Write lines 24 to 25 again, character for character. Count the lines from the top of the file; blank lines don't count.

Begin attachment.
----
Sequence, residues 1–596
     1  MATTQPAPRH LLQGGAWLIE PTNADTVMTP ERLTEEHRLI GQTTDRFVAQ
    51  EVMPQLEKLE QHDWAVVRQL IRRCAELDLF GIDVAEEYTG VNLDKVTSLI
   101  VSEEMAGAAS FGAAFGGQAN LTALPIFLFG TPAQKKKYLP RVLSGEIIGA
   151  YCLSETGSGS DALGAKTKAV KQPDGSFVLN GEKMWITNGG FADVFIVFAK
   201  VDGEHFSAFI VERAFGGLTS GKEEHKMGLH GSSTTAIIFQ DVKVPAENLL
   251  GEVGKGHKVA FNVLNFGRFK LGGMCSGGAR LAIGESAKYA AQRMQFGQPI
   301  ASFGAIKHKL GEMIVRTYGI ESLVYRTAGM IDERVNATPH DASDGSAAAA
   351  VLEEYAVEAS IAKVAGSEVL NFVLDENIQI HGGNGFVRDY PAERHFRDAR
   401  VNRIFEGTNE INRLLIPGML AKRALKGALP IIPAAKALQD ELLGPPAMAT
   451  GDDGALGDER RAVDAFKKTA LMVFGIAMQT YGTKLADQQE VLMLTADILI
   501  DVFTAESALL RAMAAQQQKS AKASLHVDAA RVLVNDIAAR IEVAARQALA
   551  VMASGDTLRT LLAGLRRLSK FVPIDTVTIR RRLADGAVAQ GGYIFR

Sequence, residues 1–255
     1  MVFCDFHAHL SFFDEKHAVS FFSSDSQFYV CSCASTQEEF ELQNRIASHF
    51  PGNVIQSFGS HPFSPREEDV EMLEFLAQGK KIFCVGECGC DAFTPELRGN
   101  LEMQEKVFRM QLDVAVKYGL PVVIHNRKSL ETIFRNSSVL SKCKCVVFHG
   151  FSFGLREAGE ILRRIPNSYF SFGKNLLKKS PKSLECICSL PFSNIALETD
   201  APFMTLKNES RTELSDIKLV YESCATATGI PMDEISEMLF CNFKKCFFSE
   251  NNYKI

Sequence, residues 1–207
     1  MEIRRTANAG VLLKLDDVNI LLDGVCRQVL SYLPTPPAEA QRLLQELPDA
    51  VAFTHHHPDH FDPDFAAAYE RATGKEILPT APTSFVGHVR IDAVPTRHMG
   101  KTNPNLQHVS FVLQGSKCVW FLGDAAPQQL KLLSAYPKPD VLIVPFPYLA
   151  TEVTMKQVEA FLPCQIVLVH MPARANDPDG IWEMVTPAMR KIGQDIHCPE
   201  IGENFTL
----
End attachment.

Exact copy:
   101  KTNPNLQHVS FVLQGSKCVW FLGDAAPQQL KLLSAYPKPD VLIVPFPYLA
   151  TEVTMKQVEA FLPCQIVLVH MPARANDPDG IWEMVTPAMR KIGQDIHCPE